4. Here, the authority under the Act was not in a position to accept the revised return of the assessee. u/s 16(4) of the Bihar Finance Act, if a dealer having furnished a return discovered any omission or wrong statement in that return, he may furnish a revised return in the prescribed manner to the prescribed authority at any time by 31st July of the year following the accounting year. Here, therefore, the revised return, if at all, had to be filed by 31.7.2000 relating to the assessment year 1998-99 and 31.7.1999 relating to the assessment year 1997-98. The revised returns were admittedly filed only on 1.3.2002, well beyond the time prescribed in that behalf by Section 16 of the Bihar Finance Act. There was no provision under which the authority could extend the time for filing a revised return or condone the delay in filing the revised return. In fact, before us, learned counsel for the assessee argued that the revised returns were not under the Bihar Finance Act, but were filed on the basis that amounts paid by the assessee towards tax were paid under a mistake of law and the assessee was entitled to get refund of the same. Therefore, the position was that the assessing authority could not entertain the revised returns. The necessarily resulted in the assessing authority having to proceed on the basis of the returns filed by the assessee and complete the assessment and hence there was no need to make any further enquiry into the matter. Once the assessing authority is held to have no right to entertain a revised return, obviously, there was no material other than the returns filed by the assessee on the basis of which alone the assessing authority could proceed. Tested from this angle, the position adopted by the assessing authority is fully correct and could not be held to be either illegal, without Jurisdiction or even erroneous.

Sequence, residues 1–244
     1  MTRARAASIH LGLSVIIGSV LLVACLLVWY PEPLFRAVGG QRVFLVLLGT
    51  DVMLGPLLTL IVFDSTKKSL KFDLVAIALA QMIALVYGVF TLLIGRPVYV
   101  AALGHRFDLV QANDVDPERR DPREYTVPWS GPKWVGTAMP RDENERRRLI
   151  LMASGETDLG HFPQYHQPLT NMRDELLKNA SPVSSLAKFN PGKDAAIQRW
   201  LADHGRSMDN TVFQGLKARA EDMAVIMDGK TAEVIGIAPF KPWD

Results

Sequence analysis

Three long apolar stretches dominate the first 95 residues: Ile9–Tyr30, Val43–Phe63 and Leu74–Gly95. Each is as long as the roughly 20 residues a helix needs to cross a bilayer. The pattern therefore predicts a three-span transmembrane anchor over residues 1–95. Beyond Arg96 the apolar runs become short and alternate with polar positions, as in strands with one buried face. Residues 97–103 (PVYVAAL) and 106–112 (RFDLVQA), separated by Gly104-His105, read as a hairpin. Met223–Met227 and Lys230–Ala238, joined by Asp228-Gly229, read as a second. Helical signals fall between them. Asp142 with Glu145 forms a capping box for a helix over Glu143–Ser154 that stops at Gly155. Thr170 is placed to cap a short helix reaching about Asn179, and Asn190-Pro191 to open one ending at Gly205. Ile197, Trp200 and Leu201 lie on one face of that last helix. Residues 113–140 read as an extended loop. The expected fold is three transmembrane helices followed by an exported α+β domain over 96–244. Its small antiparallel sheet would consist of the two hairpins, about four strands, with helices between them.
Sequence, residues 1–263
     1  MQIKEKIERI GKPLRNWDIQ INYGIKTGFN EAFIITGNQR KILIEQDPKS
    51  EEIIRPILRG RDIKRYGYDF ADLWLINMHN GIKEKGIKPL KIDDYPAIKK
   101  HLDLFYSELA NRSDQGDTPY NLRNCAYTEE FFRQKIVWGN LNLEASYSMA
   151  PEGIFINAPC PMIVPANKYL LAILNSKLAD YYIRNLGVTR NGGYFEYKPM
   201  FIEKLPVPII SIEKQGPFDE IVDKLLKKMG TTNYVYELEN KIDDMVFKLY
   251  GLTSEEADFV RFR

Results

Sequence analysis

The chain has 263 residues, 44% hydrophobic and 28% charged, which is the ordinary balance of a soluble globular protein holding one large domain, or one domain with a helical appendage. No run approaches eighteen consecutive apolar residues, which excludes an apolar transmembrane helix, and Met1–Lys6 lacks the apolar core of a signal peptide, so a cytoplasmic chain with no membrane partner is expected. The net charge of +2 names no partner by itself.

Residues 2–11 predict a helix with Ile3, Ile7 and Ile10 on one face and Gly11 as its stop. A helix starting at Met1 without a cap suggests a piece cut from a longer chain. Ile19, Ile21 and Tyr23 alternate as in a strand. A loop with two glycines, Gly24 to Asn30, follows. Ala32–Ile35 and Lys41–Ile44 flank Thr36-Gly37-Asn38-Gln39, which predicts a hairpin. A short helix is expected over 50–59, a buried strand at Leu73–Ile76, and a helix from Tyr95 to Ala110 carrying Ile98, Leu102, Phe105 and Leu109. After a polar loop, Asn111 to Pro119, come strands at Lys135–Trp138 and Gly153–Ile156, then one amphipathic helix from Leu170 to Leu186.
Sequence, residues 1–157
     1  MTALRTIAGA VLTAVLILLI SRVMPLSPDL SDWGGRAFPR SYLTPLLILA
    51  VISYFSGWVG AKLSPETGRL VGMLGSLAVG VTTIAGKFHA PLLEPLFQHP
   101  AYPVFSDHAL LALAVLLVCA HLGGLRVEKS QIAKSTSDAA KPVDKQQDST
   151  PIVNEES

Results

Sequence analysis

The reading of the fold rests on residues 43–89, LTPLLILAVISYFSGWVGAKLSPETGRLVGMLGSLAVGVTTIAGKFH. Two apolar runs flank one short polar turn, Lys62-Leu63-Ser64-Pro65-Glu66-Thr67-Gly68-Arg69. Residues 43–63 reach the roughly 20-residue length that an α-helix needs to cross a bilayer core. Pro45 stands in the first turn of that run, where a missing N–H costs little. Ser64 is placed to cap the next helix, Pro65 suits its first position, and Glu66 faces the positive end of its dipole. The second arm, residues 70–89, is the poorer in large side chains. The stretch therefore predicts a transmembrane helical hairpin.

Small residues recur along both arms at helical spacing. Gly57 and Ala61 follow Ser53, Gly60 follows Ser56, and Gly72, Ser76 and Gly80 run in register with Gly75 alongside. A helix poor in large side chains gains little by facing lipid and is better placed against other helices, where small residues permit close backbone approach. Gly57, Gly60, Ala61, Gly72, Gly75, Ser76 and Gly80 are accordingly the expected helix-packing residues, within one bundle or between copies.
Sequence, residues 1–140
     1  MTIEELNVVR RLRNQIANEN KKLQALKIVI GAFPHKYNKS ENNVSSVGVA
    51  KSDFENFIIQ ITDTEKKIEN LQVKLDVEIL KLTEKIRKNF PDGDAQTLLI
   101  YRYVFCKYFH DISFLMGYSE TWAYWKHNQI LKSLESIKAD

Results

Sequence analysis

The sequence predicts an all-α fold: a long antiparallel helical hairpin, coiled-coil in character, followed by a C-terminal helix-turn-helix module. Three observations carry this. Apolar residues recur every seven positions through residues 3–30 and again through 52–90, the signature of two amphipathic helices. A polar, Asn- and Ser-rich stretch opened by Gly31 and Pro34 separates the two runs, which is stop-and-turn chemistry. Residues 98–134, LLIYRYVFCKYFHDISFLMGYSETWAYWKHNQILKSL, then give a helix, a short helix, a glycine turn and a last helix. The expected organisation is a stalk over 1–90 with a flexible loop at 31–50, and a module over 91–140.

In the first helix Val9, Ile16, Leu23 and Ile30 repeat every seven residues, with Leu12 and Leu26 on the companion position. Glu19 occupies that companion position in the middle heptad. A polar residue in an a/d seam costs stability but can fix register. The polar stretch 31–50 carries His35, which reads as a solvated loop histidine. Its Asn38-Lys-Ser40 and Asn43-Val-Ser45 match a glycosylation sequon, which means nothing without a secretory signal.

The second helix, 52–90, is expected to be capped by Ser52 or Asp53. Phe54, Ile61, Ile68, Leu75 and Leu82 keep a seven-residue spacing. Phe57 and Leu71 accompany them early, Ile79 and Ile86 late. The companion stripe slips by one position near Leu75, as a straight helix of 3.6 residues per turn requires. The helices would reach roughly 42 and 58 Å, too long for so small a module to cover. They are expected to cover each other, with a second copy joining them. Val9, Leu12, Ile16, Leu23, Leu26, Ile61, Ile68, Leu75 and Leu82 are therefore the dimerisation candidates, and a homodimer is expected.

5. When the decision in Luxmi Hardcoke was taken up in appeal to the Supreme Court, Supreme Court dismissed the appeal, but observed, "this is a matter that must be decided squarely on facts and in the absence of facts, we will not venture to reach a decision." No doubt, a series of decisions have dealt with the question and most of them have been referred to in Luxmi Hardcoke Manufacturing Company case by the Division Bench of the Patna High Court. But what emerges from this decision and from the observations of the Supreme Court while dismissing the appeal from the decision of the Patna High Court, is that the question whether a particular sale was inter-state or intra-state sale had to be decided on the facts of the case. Here, once we exclude the revised returns filed by the assessee which the assessee was bound to do within the time fixed by Section 16(4) of the Bihar Finance Act, the only factual material available before the assessing authority was the return filed by the assessee and the claim made by the assessee that the sales were inter-state sales. Therefore, by merely relying on the ratio of the decision in Luxmi Hardcoke Manufacturing Company v. The State of Bihar, the assessee could not establish that the sales in question or the transactions of sale entered into by it, were intra-state sales and not inter-state sales.